The I.H.S. and the Seminole Nation have blamed each other for the denial of services. The health agency said in June that the agency “has no role” in determining whether the Freedmen were eligible for its services. In March, the Seminole Nation’s chief said the tribe does not operate the I.H.S. clinics and has “no policy oversight” on the Freedmen’s eligibility.

Post-Civil War treaties in 1866 gave the formerly enslaved Freedmen of the Seminole and other tribes in Oklahoma full rights of tribal citizenship. But in practice, the Freedmen have often been segregated within the tribes, and their political rights have eroded over time.

The Seminole Nation voted in 2000 to strip their Freedmen of tribal citizenship, but the nation reversed itself after the federal Bureau of Indian Affairs withheld funding from the tribe in response. Now, Seminole Freedmen are classified as having no “Indian blood,” segregating them from blood citizens of the tribe who can be elected to senior leadership positions and are eligible for financial assistance.

Documents obtained by The New York Times show that The Seminole Nation of Oklahoma intentionally excluded the Freedmen from receiving a one-time payment of $2,000 through a federal coronavirus relief program, the American Rescue Plan, by requiring all applicants to be an “enrolled member by blood of the Seminole Nation of Oklahoma.”

The same blood requirement was also used to deny Freedmen access to last year’s federal Covid-19 Emergency Assistance Program because they didn’t hold “valid” tribal cards, according to the documents. Seminole Freedmen are given tribal membership cards stating they have “voting benefits only.”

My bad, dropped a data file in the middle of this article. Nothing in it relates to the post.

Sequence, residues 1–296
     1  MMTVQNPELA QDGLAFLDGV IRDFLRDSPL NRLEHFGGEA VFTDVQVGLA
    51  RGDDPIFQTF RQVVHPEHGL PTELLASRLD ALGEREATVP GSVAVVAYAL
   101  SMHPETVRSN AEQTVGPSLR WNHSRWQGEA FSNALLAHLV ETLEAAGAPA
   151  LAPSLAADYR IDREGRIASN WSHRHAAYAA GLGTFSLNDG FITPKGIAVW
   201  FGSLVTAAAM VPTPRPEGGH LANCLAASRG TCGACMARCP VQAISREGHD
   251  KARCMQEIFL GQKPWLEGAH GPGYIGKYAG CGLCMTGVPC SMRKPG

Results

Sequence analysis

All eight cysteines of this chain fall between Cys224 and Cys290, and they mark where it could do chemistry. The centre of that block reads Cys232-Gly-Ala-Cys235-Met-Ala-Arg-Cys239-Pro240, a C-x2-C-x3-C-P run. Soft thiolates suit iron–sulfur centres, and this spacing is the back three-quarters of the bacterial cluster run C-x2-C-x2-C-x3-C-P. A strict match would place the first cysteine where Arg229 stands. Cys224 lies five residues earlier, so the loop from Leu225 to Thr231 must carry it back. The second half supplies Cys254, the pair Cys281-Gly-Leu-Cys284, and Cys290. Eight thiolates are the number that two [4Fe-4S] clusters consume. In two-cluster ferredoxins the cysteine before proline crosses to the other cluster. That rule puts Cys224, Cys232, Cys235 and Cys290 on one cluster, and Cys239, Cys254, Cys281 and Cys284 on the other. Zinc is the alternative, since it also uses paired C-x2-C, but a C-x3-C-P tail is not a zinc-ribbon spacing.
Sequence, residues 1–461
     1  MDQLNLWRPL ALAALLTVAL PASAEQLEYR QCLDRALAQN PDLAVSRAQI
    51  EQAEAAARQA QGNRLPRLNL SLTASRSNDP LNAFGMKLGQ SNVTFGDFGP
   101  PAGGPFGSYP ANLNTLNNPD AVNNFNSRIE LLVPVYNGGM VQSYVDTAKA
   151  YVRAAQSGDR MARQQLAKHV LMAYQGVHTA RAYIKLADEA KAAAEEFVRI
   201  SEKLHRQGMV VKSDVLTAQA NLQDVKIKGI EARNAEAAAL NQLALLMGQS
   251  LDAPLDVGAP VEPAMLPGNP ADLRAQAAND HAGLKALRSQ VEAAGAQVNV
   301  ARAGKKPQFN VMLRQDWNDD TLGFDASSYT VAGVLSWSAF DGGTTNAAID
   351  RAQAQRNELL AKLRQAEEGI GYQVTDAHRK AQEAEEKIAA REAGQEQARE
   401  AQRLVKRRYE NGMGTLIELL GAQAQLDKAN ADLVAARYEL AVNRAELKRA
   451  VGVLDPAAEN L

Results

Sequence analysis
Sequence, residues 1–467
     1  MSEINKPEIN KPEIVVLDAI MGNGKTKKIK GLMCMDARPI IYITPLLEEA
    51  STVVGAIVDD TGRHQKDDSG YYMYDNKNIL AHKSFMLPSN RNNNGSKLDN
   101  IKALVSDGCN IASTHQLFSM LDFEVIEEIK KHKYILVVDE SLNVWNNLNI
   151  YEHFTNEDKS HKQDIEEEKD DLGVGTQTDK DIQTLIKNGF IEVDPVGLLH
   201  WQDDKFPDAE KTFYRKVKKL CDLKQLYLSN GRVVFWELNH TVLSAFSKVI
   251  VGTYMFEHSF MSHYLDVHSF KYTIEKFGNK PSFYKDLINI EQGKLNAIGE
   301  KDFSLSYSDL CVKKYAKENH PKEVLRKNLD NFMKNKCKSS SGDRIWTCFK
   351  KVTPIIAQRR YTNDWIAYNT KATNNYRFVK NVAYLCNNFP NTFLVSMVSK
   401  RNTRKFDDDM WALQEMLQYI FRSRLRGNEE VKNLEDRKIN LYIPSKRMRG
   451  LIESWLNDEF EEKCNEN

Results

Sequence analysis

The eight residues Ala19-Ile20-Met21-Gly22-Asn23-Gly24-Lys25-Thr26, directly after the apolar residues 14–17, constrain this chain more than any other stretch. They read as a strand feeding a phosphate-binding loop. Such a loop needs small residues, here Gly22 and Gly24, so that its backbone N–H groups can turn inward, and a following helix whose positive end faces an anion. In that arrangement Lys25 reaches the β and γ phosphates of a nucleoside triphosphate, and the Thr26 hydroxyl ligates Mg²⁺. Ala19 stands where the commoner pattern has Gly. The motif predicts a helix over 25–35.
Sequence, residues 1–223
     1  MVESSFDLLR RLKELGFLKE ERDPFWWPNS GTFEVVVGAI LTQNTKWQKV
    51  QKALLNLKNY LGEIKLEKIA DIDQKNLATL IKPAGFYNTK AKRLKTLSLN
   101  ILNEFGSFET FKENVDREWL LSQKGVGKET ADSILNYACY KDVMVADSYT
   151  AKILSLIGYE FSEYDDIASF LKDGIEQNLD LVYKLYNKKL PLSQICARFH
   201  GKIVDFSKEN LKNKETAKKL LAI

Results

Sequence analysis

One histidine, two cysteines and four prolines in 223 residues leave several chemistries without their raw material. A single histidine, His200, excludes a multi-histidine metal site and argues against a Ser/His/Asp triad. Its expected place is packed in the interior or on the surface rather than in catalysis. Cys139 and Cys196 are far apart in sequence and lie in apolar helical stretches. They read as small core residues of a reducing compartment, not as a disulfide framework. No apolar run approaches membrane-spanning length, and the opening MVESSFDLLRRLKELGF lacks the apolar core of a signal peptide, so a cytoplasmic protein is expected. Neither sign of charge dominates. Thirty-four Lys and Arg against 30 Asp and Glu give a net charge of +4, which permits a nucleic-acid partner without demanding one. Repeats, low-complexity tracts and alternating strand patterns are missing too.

A bill introduced in the Seminole Nation legislature that would make the tribe’s Freedmen eligible for the American Rescue Plan funds was voted down, 12 to 15, last month.

Other tribes in Oklahoma — like the Choctaw and Muscogee (Creek) Nations — have expelled their Freedmen entirely by changes in their tribal constitutions that added “by blood” requirements for citizenship. The Chickasaw Nation jointly signed its Reconstruction treaty with the Choctaw Nation, but never enrolled its Freedmen as citizens.

Freedmen and “by blood” members of Native tribes in Oklahoma were listed separately by the federal government in the Dawes Rolls of 1906; descendants of people on both lists are supposed to be eligible for tribal membership, according to treaties the tribes signed with the federal government.

The tribes changed their constitutions over time to expel Black tribal members descended from the Freedmen rolls. Only one tribe in Oklahoma, the Cherokee Nation, has fully reversed those policies and desegregated its constitution in February this year.

Now two branches of government are putting pressure on the other tribes to comply with their treaty obligations. In May, Deb Haaland, the first Native American secretary of the Interior, called for tribes in Oklahoma to follow the Cherokee Nation’s example and voluntarily amend their constitutions to remove the racial qualifications that had segregated and expelled the Freedmen.

A legislative provision that could be included in the House version of President Biden’s $3.5 trillion social policy bill would also penalize tribes that continue to exclude the Freedmen — giving the Interior Department the authority to withhold tens of millions of dollars in federal funding from tribes that do not comply.

Last year, a nurse at the Indian Health Service clinic in Wewoka glanced at LeEtta Osborne-Sampson’s tribal identification card and denied her a shot, Ms. Osborne-Sampson said, because it said she was a Freedmen. Ms. Osborne-Sampson, who also sits on Seminole Nation’s tribal council, demanded to know why she was being denied services. The nurse called the tribal police, who asked her to leave.

The I.H.S. said it was “not aware of such an incident occurring.”

Ms. Osborne-Sampson said experiences like hers were all too common for Seminole Freedmen seeking health care during the pandemic, and that they contributed to deaths in the Freedmen community.

Despite the victory, Ms. Osborne-Sampson said a battle remains in order for the Seminole Freedmen to be treated as equal tribal citizens.

“We should be treated as equals in this nation,” Ms. Osborne-Sampson said. “We already suffer in this country and aren’t treated as equals. Why should we keep being treated as second-class citizens in our tribe?”